A solution looking for a problem 

Dobbin believes Whistler should say no to public-private partnership at sewage plant

Public-private partnership critic Murray Dobbin says Whistler’s wastewater treatment plant "is a jewel" that should be left in the public sector.

"Do sewage the way you have for years and you’ll be just fine," Dobbin told an audience of 25 who came to hear the journalist and former Council of Canadians board member speak at the Spruce Grove Field House about the potential for Whistler’s wastewater treatment plant to be run as a public-private partnership.

"Public-private partnership is a solution looking for a problem," he said.

Whistler’s wastewater treatment plant needs a $32.5 million upgrade and the municipality’s engineering department is recommending to tender out a $58.5 million, 12-year design-build-operate (DBO) contract for the plant. The engineering department points out that many of its operations, such as garbage and recycling services and transit, are already contracted out and maintains the DBO or pubic-private partnership (P3) approach is more cost efficient "because it integrates the design, construction, and operating elements into a cohesive process."

But speaking at the field house, Dobbin, a former member of BC Citizens for Public Power, said P3 track records show a trail of higher costs, lower quality of service, insufficient disclosure and in some cases, fraud.

Citing examples of Hamilton, Ontario’s experience with a public-private partnership for its wastewater treatment in which three major spills occurred in the contracted company’s first five years of service, resulting in litigation, Dobbin advised Whistler residents to reject any movement toward a P3 approach.

"Health (-related) services to the community should not be subjected to the profit model," Dobbin said, noting that municipalities can borrow money for infrastructure programs cheaper than corporations, and warning that public-private partnerships result in poorly trained workers replacing experienced workers and lack of adherence to quality controls.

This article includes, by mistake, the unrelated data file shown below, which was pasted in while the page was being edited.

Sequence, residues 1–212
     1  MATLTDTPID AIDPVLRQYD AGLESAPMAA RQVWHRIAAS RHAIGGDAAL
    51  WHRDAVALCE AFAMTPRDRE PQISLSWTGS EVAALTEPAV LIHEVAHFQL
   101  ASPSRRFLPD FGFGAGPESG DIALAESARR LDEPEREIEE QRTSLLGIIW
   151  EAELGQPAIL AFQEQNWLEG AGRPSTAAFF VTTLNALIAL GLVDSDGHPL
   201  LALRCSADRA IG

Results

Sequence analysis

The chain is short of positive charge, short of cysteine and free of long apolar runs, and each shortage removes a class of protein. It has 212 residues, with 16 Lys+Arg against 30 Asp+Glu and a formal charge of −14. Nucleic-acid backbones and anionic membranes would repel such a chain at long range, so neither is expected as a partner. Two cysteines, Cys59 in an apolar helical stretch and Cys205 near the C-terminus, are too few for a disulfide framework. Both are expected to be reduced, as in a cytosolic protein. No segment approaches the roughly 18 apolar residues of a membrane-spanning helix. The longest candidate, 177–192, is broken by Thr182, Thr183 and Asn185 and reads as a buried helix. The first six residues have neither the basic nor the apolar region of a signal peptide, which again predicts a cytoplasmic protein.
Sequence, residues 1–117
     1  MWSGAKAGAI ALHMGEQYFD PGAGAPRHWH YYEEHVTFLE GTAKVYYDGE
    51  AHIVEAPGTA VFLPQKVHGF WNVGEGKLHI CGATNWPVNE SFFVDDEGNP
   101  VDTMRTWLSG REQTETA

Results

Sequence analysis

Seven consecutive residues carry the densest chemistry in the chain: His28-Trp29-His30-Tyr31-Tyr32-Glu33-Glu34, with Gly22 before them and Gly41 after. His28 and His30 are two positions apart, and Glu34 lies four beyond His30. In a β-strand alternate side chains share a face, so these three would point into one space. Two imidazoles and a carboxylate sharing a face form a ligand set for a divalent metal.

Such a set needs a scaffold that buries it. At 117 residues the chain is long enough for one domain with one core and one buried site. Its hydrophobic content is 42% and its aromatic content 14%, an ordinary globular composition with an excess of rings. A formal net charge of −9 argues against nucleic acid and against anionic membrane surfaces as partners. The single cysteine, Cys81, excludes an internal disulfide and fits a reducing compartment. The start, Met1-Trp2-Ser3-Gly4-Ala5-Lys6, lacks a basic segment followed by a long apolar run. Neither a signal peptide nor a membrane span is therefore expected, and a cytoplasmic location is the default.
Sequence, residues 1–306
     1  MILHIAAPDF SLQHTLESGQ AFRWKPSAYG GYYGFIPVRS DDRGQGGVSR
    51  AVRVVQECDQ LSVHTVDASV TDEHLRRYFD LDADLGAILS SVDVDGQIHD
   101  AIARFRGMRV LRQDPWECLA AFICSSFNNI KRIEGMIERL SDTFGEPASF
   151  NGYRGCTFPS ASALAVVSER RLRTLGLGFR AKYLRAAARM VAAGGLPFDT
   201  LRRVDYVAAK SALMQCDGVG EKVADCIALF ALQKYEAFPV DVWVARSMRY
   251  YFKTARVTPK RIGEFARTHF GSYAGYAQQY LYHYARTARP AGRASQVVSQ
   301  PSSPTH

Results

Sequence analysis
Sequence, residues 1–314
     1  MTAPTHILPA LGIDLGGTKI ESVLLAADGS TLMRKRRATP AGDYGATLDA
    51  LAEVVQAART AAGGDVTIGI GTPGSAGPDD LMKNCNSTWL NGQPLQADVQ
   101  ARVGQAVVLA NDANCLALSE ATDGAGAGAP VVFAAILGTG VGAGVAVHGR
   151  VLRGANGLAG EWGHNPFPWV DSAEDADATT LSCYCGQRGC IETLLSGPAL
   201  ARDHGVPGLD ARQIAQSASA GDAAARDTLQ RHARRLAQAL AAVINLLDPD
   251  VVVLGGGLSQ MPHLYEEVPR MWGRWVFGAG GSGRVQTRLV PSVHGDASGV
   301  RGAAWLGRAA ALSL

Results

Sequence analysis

Sierra Legal Defence Fund ranked Whistler’s wastewater treatment plant as second of the 23 cities it surveyed in its 2005 National Sewage Report Card.

Of four treatment levels available to run a wastewater treatment plant, Whistler has tertiary treatment, the most advanced, according to John Werring, Sierra’s senior staff scientist.

"Tertiary treatment does additional filtering or adds ultra-violet treatment," Werring said. "It’s basically state of the art."

Councillor Gord McKeever said he came to listen because uprgrading Whistler’s wastewater treatment plant "is a strong topic in the community right now" and pointed out that financing is not a part of the project.

"The comments about 35-year agreements have a lack of relevance to me because it is a shorter term we’re contemplating here," McKeever said. "There is validity to the arguments and I want to spend some time thinking about it," he said.

Spring Creek homeowner John Sinclair said he came to the meeting not sure where he stood on public-private partnership approach to Whistler’s wastewater treatment plant.

"I’m more committed now than I was before to stopping the P3," Sinclair said. "We need to keep essential services within the public realm."

"We’re giving the wrong idea to British Columbians about what we should be doing with our sewer project," said Alpine Meadows resident Marilyn Kapchinsky. "Our government wants us to have a strong British Columbia, but by selling our assets, privatizing our companies, we’re not doing that."


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